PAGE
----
Two days after Bolivia’s socialist president Evo Morales was forced from office in a right-wing military coup last November, AFL-CIO president Richard Trumka condemned the coup on Twitter and praised Morales for reducing poverty and championing indigenous rights. In doing so, Trumka joined Bernie Sanders, Ilhan Omar, Alexandria Ocasio-Cortez, and other prominent figures of the Left in countering the US political and media establishments’ dominant narrative that Morales’s violent ouster was a win for democracy.

While it’s fitting for the president of the nation’s largest union federation to denounce a right-wing coup against a leftist foreign leader — which was endorsed by the State Department and CIA — it also represents an important break from precedent for the AFL-CIO. Though rarely discussed, the federation has a long record of supporting the US government in disrupting leftist movements around the world, including through coups d’état in Latin America.

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Friday, Jan 10, 2020, 11:05 am  ·  By Mindy Isser

Climate Activists Can’t Afford to Ignore Labor. A Shuttered Refinery in Philly Shows Why.

Photo taken on June 21, 2019 shows the Philadelphia Energy Solutions refinery after the fire in Philadelphia, Pennsylvania, the United States. (Xinhua/Liu Jie via Getty Images)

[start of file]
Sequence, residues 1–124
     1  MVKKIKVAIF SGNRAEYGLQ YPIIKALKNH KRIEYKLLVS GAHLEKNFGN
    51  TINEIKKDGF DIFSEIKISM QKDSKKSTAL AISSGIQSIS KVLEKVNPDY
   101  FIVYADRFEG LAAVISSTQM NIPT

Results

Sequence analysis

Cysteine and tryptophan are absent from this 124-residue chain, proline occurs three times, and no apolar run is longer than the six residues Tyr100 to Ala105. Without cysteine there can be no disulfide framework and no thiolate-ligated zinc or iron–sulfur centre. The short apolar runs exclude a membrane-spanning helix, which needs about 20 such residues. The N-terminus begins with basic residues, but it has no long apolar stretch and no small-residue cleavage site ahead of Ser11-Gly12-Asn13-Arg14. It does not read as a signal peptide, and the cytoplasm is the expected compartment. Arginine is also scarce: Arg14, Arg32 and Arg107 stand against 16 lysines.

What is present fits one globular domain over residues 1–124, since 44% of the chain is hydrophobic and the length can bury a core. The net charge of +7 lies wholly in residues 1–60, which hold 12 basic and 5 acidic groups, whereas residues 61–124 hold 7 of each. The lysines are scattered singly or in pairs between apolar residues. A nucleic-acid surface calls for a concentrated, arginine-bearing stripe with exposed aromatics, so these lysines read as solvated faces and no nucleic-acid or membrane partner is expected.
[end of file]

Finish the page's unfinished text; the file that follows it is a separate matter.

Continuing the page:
In the early morning hours of June 21, 2019, a catastrophic explosion tore through the Philadelphia Energy Solutions (PES) oil refinery in the southwest section of Philadelphia. The training and quick thinking of refinery workers, members of United Steelworkers Local 10-1, averted certain disaster and saved millions of lives. One month later, on July 21, PES declared bankruptcy—their second in as many years—and began to close down the refinery in the following months, laying off almost 2,000 people with no meaningful severance. According to workers who spoke with In These Times, the refinery stopped running crude oil in early August, although there are fewer than 100 workers who were kept on as caretakers for the waste water and steam generating units.

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Wednesday, Dec 18, 2019, 11:46 am  ·  By Audrey Winn

“The Algorithm Made Us Do It”: How Bosses at Instacart “Mathwash” Labor Exploitation